Saturday, July 11, 2015

10 reasons why Some Thais feel Government should go ahead and buy the Chinese subs.

It's just way cool to have them. You have to keep in mind the nation's status quo. If you don't understand that, imagine buying one or even two Mercedes Benzes and keeping them parked in your garage, never driven.

Most of our neighbours have submarines. Singapore, Malaysia, Indonesia and even Vietnam, whose Gross Domestic Product is lower than ours, have subs. As soon as Myanmar can afford them, it won't hesitate to buy some. How we've endured as a submarine-free nation for all these decades is beyond me.

Submarines are must-have items, according to the official Hollywood Theory of Naval Combat and Espionage. A war isn't even necessary - you just use the subs to spy on your enemies. And how thrilling is that?

Submarines mean greater security. You can argue all you want that Bt36 billion would buy a lot of hospitals - a group called Green Light Thailand reckons it would cover medical treatments, such as defective limb replacement, for 600,000 people - but how on earth does that improve national security?

The subs are an investment in the future. Argue all you want that Bt36 million would buy a badly needed comprehensive facelift for the education system. Harp on about the fact that Thailand's budget constraints are cutting into student loans and their ability to graduate, get a job and pay back those loans. But how does pouring big money into education help the country stand up to clear and present dangers from overseas, as having our own submarines will? Like Prime Minister Prayut Chan-o-cha has said, we're not buying the subs to wage war - we just want our sneaky neighbouring countries to realise that we've got the torpedo power and we're ready to use it should any peril arise, you know, just below the surface of the water.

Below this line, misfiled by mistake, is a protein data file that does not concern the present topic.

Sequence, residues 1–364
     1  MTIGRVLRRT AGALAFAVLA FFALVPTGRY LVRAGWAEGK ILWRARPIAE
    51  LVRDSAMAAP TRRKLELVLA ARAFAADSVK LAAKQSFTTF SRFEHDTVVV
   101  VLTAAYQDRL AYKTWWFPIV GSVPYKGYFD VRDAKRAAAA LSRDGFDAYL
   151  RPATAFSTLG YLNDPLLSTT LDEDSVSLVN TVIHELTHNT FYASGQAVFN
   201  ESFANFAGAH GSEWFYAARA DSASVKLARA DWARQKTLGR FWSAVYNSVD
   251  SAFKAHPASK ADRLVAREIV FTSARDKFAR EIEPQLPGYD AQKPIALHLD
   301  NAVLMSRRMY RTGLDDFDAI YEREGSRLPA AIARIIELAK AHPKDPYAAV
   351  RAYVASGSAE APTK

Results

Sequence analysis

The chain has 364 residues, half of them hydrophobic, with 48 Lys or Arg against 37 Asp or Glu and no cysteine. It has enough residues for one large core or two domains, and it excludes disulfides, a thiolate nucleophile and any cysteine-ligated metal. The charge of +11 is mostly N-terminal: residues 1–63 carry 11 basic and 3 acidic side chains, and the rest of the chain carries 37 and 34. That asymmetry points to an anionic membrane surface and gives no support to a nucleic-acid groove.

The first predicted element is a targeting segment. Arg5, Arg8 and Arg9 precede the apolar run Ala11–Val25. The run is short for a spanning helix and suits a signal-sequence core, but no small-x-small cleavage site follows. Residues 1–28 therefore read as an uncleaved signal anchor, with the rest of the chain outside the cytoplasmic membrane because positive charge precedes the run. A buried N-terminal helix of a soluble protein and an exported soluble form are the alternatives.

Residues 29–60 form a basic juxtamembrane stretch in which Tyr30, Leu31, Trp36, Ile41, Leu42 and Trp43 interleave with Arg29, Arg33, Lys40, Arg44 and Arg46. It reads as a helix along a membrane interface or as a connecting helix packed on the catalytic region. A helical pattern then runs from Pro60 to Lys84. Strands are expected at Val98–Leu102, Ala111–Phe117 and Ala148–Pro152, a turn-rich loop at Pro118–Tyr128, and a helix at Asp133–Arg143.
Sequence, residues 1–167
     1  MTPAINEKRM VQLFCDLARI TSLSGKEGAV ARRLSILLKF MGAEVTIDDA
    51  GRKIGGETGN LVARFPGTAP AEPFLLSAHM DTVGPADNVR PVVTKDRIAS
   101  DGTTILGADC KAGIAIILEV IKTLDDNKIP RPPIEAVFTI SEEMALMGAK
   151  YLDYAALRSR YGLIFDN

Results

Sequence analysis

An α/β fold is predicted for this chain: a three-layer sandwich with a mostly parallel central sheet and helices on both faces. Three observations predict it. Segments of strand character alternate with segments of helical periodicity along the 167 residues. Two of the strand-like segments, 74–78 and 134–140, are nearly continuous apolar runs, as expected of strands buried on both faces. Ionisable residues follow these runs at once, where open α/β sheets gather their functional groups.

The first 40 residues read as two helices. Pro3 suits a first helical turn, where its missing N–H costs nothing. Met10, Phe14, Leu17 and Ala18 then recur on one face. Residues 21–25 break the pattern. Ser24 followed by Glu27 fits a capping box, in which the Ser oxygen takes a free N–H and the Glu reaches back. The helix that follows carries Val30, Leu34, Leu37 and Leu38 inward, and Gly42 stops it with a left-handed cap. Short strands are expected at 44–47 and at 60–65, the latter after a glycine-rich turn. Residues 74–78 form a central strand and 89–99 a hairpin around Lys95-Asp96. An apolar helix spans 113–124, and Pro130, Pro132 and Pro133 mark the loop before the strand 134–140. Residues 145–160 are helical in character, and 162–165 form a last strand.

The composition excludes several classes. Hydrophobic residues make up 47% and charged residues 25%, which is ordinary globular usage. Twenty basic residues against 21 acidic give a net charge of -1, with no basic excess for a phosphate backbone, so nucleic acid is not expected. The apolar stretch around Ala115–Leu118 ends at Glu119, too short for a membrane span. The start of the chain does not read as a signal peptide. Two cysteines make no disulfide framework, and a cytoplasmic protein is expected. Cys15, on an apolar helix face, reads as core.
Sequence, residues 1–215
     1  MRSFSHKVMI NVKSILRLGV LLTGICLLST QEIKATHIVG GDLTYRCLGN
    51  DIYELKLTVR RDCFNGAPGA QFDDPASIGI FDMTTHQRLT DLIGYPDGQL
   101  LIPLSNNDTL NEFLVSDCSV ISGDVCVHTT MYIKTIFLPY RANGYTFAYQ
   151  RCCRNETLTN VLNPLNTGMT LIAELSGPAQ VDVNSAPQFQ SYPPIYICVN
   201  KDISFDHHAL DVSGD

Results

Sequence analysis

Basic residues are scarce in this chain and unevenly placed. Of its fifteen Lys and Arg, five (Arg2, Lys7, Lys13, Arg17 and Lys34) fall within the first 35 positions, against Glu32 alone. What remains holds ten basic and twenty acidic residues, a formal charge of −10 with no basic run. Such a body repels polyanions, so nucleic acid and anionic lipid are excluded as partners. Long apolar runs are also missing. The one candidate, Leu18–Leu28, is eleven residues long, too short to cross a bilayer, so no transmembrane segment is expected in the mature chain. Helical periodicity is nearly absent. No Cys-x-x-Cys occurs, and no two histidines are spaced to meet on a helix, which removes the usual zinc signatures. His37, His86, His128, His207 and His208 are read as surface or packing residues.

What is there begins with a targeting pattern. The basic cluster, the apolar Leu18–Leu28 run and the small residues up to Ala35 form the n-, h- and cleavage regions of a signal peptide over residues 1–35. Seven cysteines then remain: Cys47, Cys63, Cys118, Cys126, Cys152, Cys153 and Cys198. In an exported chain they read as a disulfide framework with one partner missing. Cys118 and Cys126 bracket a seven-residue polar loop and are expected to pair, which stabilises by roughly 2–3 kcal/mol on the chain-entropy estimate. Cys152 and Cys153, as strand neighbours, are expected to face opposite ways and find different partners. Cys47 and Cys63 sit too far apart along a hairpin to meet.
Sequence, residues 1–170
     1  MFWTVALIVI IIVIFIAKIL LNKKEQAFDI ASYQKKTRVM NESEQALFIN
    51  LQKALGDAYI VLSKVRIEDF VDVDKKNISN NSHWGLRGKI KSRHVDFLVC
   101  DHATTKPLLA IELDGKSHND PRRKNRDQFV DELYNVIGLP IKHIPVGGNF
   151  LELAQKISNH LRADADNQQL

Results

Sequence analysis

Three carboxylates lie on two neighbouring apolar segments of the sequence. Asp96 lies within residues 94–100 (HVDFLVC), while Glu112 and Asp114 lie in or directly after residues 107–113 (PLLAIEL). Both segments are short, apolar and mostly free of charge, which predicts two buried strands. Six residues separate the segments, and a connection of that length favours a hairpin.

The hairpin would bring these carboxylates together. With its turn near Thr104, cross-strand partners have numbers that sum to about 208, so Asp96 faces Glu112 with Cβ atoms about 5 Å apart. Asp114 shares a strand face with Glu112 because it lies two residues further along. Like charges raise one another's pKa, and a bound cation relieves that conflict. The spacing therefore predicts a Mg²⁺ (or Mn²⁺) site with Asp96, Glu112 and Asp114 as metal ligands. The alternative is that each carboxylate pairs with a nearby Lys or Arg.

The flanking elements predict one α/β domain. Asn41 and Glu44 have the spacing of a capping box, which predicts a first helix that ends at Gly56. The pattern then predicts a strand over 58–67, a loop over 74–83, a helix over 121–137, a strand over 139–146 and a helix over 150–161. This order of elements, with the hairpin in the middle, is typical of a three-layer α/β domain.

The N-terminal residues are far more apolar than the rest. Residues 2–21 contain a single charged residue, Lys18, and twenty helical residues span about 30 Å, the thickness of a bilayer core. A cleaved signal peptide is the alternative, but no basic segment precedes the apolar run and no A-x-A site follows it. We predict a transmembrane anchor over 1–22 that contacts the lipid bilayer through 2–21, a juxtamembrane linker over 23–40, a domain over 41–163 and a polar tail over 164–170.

This will put an end to that annoying refugee hassle. With submarines, traffickers in human cargo will recognise that Thailand is serious about protecting its marine territory, so they'd better cart their Rohingya someplace else. And if they do smuggle a boatload of folks into our waters, the subs can tow them back where they belong without any foreign reporters noticing. Gone are days when Thailand was painted as the villain in this story.

This is going to be a dream-come-true not just for Navy personnel but every Thai youngster. With three submarines, the Navy can give the kids great new rides on Children's Day - underwater! (What could possible go wrong?) And these subs can stay underwater for 21 days. Their parents won't know how to thank the sailors!

More loving from China: The premier and admirals swear that buying the subs from Beijing has nothing to do with efforts to bolster Sino-Thai relations, but come on - being chosen over other bidding nations is a big fancy feather in China's cap. Just to show how tickled they are, they're throwing in free training and a bit of maintenance.

The submarines will once and for all put an end to all the cheap talk that the Gulf of Thailand isn't deep enough for submarines. First thing we're going to do is dive straight to the bottom of the Gulf (deliberately, of course) and show them how wrong they are.

This is the answer to global warming. Like climate change itself, this might not seem like a big deal right now, but, once all the ice caps and glaciers melt, the subs will come in very handy indeed. When that day comes, you can decide whether you'd rather have a college degree or a Bt30 session with the doctor instead of a steel-hulled ticket to dryness. The Nation, Bangkok

1 comment:

  1. misgivings about the Navy's proposed purchase of three submarines. In fact, the proposed purchase should be cause to rejoice.
    Don't forget that a white elephant is a sign of good fortune, so hats off to the Navy for its imminent acquisition of three white elephants. Goodbye drought, falling exports, and economic doldrums!

    In fact, the Navy seems to have a special knack for acquiring white elephants. Look at the Chakri Naruebet, a mini carrier with Harrier jump jets intended to extend Thailand's air power at sea. No prizes for guessing where the jump jets are now!

    Sumaet Punyaratabandhu